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From Parents to Children: Intergenerational Transfers---A Case Study
This paper attempts to test whether women systematically get less education than their male siblings and is based on data drawn from a survey in Mumbai of 200 women and their male siblings. The regression models used explicitly take account of human capital factors. The results show that for similar levels of academic performances, family background etc; women systematically get less parental investment in their education than their male siblings. Thus, pure human capital models of labour market are inadequate to account for the gender perspective. Any analysis of the labour market must hence incorporate gender as an explicit variable.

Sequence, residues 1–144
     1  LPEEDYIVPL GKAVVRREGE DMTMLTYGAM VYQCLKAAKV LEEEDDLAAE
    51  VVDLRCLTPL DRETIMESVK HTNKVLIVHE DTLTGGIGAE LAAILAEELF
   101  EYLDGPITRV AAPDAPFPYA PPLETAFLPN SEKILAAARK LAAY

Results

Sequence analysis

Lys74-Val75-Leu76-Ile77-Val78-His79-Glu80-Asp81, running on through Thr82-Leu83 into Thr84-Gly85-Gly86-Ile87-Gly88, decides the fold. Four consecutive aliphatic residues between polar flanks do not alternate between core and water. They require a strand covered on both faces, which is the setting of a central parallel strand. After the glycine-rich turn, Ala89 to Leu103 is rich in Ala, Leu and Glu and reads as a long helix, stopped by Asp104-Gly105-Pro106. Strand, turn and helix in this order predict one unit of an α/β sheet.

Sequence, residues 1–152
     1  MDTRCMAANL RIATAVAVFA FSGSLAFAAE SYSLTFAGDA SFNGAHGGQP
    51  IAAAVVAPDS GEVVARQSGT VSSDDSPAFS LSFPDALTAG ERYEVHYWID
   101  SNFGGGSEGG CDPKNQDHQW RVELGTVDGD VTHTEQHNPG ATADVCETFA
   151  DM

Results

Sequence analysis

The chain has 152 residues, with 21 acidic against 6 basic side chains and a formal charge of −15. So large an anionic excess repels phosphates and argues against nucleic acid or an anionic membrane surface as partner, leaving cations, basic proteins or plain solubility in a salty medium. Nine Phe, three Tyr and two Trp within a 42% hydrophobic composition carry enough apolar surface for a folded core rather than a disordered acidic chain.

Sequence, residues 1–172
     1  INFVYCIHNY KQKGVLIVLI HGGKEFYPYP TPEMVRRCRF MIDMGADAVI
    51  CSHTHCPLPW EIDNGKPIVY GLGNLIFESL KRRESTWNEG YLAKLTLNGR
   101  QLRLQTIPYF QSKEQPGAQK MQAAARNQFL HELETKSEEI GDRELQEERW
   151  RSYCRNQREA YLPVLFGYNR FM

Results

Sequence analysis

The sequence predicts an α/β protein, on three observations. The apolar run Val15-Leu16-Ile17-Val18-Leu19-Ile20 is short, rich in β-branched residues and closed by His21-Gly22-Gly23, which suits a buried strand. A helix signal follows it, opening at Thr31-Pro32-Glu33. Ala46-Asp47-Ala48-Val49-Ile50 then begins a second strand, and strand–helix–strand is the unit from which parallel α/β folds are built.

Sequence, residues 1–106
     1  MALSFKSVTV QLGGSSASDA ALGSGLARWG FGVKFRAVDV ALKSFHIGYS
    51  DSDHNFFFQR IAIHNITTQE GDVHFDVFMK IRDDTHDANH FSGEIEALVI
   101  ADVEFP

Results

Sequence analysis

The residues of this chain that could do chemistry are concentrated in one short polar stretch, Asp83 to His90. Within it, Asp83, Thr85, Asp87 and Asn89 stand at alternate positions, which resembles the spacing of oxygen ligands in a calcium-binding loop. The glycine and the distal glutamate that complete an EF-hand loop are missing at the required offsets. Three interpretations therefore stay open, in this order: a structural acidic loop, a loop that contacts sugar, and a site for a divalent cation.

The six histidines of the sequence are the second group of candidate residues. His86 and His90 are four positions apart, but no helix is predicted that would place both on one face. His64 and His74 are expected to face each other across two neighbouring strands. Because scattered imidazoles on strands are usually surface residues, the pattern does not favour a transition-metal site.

Education, Labour market, Gender Discrimination
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Print Version ISSN 0975-3931
Online Version ISSN 2278-1277